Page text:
iPhone, iPad Games, Apps, Reviews, News Thu, 30 Jul 2015 08:09:28 +0000 en-US hourly 1 Does Dreamboard for iPhone Signal the Death of Winterboard? [Jailbreak] Wed, 01 Jun 2011 20:44:58 +0000 Read More]]> Dreamboard iPhone Jailbreak themeWinterboard has been the only iPhone themeing option for the Jailbreak community for as long as Jailbreaking has been around and it’s one of the most popular reasons that people jailbreak in the first place so that they make their iPhone look however they want.

Now though there is a new kid on the block and it’s looking pretty impressive. Dreamboad is a new themeing solution that enables even more customizations and some stunning designs that can be changed on the fly. Dreamboard can be downloaded from Cydia as can the various Dreamboard theme’s and once you’ve done that a new icon for Dreamboard will appear on your Springboard. Launching Dreamboard will allow you to scroll through your downloaded themes although one them is provided so you don’t have to download any additional themes if you don’t want to.

Dreamboard iPhone jailbreak theme 1Within Dreamboard you can easily scroll though all the themes that you have and apply them by simply selecting the one you want and hitting Apply.

This will apply the theme immediately without the need to re-spring the device as Winterboard requires which is a nice touch and so it’s ready to use immediately.

All the themes while looking beautiful offer different features out of the box, these include Facebook and Twitter widgets and weather widgets.

Editing the themes is relatively easy too, you can add apps to the various screens and pages depending on the them and set the weather location. Although it has to be said that up to this point while I can replace apps I’ve not been able to find how to delete them.

dreamboard iPhone Jailbreak App 2The Dreamboard is easy to use and edit it’s not going to replace my Winterboard theme at the moment as I’ve found that it too frequently crashes the springboard, something that Winterboard never does for me.

Dreamboard is $2.99 in Cydia and while it’s not going to replace my Winterboard theme quite yet it’s great fun to play with and has a lot of potential which I hope will be fulfilled.

]]> 6 Flash for iPhone available in Cydia as Frash [Jailbreak] Mon, 09 Aug 2010 23:20:13 +0000 Read More]]> Apple has no plans to bring Adobe’s flash to the iPhone or iPad. If you ever wanted to access websites which support flash content then you would need to jailbreak you iOS device.

Last month we reported that Comex was working on a Flash port for the iPhone and now it is available as Frash. It is worth mentioning that the current build of Frash has not been very stable for many users so you might want to wait for a stable version or try it out with caution.

Installing the app on a jailbroken device is very easy:

Frash Flash iPhone cydia App

1. Open Cydia > Manage > Sources
2. Edit source and add
3. Search Frash and install it.

Frash would only work on ARMv7 processors so iPhone 3G users would not be able to use flash on their devices.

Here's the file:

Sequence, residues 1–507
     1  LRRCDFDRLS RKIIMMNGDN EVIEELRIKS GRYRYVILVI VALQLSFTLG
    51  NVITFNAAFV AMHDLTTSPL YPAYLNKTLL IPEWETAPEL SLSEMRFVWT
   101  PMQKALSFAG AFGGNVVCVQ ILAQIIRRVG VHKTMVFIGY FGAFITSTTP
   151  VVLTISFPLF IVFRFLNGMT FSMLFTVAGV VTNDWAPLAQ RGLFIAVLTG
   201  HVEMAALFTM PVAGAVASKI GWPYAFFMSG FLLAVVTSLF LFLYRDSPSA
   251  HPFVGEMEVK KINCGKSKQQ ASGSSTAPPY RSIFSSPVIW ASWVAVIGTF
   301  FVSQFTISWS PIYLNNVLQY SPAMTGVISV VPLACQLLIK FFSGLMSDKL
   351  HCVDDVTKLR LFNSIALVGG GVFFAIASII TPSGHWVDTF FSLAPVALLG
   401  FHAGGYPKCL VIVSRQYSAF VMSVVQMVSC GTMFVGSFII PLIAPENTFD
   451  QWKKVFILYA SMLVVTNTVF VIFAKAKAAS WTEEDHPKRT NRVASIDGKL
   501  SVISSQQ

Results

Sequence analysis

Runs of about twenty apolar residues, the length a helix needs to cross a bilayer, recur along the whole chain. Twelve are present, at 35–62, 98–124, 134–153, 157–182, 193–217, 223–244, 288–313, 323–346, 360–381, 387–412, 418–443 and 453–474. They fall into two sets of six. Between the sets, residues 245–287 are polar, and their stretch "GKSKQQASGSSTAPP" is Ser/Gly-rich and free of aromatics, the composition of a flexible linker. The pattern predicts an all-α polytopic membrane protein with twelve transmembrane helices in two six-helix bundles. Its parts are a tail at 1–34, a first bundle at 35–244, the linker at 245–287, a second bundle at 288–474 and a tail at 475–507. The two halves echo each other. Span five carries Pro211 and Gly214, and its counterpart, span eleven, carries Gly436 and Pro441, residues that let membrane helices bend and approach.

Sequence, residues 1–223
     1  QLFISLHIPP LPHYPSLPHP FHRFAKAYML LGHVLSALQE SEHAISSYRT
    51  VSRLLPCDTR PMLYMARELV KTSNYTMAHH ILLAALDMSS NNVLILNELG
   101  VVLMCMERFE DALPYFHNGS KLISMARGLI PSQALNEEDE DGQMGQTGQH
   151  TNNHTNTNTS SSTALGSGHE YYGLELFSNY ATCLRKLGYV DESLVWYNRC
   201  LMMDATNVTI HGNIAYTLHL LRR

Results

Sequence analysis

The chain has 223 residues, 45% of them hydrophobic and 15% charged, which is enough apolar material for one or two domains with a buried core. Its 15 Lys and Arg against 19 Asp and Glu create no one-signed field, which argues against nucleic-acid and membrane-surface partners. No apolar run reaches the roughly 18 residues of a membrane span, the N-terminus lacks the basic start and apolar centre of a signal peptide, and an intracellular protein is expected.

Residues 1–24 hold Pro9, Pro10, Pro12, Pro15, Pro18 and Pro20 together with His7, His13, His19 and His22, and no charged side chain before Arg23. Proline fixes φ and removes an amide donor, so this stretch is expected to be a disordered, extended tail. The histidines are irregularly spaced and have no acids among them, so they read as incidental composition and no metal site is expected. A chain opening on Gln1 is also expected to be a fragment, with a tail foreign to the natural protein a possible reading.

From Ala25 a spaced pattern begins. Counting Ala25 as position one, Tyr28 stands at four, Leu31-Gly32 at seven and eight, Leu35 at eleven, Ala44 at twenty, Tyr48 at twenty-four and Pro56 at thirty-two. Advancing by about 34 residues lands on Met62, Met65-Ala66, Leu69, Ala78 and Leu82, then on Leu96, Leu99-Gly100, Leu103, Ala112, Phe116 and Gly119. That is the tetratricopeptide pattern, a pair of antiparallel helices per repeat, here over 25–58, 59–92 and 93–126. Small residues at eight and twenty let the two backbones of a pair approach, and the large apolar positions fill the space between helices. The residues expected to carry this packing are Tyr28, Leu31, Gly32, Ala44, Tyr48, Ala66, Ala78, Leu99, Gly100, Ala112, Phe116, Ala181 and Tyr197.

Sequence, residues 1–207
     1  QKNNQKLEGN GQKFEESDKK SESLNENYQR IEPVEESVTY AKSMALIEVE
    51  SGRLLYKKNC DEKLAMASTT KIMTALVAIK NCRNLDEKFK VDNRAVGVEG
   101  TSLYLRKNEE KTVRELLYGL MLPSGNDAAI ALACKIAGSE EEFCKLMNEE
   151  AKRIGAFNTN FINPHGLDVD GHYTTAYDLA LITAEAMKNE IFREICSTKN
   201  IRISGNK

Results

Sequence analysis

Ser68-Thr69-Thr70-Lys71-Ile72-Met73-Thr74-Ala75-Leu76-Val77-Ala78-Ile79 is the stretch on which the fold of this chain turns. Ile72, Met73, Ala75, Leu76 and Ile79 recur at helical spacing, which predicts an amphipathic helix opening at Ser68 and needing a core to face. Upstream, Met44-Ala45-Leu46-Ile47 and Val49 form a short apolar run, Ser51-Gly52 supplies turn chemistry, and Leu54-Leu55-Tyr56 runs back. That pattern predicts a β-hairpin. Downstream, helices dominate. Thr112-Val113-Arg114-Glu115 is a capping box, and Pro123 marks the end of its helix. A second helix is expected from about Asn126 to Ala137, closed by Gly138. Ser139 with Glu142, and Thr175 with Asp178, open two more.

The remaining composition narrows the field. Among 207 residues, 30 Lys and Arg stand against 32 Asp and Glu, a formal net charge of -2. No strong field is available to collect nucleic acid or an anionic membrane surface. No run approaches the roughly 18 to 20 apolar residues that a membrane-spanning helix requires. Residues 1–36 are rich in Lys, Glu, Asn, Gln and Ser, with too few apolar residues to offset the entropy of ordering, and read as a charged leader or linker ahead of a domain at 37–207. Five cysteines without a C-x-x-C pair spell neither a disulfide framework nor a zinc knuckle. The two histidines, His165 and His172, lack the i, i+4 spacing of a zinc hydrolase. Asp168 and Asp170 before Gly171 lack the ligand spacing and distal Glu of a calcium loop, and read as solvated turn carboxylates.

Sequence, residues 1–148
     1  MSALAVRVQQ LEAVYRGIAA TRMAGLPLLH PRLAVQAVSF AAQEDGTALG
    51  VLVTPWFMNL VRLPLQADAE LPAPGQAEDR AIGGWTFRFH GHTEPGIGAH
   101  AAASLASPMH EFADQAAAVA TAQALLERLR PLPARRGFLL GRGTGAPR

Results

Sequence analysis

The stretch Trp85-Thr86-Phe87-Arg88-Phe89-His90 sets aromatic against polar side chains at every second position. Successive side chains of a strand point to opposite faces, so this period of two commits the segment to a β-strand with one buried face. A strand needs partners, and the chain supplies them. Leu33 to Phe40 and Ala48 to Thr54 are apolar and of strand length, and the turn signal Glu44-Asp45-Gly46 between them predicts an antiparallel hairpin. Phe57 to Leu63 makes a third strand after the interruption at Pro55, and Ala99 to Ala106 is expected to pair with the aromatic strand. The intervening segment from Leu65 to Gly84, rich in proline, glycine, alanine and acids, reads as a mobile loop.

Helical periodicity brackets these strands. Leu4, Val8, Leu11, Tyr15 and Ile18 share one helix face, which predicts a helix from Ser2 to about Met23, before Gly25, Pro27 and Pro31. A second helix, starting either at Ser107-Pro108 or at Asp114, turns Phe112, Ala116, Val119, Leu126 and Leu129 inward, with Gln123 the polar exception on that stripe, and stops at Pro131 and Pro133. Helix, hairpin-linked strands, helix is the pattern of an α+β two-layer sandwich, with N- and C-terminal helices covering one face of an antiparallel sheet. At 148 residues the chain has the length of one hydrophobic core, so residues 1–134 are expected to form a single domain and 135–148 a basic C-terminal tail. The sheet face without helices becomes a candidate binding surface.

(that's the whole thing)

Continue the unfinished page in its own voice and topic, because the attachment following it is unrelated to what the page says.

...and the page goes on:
Are you excited about Flash on iPhone? Let us know your thoughts in the comments section below.

[iThinkDiff] ]]> 5 The iPhone OS Jailbreak Debate Thu, 03 Jun 2010 17:56:23 +0000 Read More]]> I mentioned in a previous article (WWDC 2010 Keynote: Truth and Rumors) I had the opportunity recently to use a jailbroken iPod Touch. A friend of mine, who is a bit more of a tinkerer than I am, decided he would strike out down that adventurous path and see what happened. It was a second generation Touch he fully expects to replace when the new ones come out running iPhone OS 4.0 some time in the late Summer or early Fall. While I played with it we had an interesting discussion around the practical, ethical, and pragmatic implications of jailbreaking. With the current debate around open and closed systems; walled gardens versus the open Internet; the Internet versus the Spinternet, why do people jailbreak? What are the advantages and disadvantages? Won’t iPhone OS 4.0 bring most of these extra third party features anyway? All questions pertinent to us as users of the iPhone OS.

But first, some background.

For those new to the ecosystem or not in the know, jailbreaking describes a process where the locks on the iPhone OS are overridden. Apple is a firm believer in the managed user experience. They implement locks on the operating system to ensure every iPad, iPhone, and iPod Touch only runs approved applications. Only approved applications are listed in the App Store and this is the only source of applications. To receive approval an application must adhere to the rules and regulations Apple makes rules regarding application inclusion and then be vetted and approved by a Human who ensures those rules are met. This is in contrast to an ecosystem like Android that has a central application store called the Marketplace but that also allows applications to be installed on the operating system by simply clicking a link. Apple maintains this is done to ensure a consistent user experience that adheres to Apple’s own application development guidelines.

Jailbreaking then takes software that has been written to override and replace Apple’s locks on the operating system so that any application can be installed. A couple of popular jailbreaking applications are Spirit and Redsn0w. While each implements their overrides in different ways and to different effect, the end result is the same. Once the locks are broken, the user is free to install any application they desire that has been written for the iPhone environment. A popular app store for jailbroken devices is Cydia. Cydia comes installed with a lot of jailbreaking applications and is typically available on the device at the end of the jailbreaking process.

The question remains then, why would someone jailbreak their device? The most common answer is to bring applications or features that aren’t otherwise available. Because of the closed, and sometimes restrictive, system Apple implements there are programs that aren’t available any other way. One I saw that has gotten some press lately was the Wi-Fi Sync app from Greg Hughes. It allows a jailbroken iPhone OS device to synchronize over a local Wi-Fi connection instead of through the USB cable. I also saw Backgrounder (multitasking) and Categories (folder-based icon management). All bring functionality to the device that isn’t otherwise available. A native Google Voice app is another example of a rejected application available on jailbroken devices. People jailbreak their devices either to gain this functionality, make a political statement about Apple’s practices, or a little bit of both. The problem with jailbreaking is, should your hardware fail and you seek a replacement from Apple, you will be rejected. Jailbreaking contravenes the terms of service of the iPhone OS and breaks the warranty on the device. It’s true you can restore the device back to its previous state but apparently traces are left behind that Apple can use to prove your previous deeds.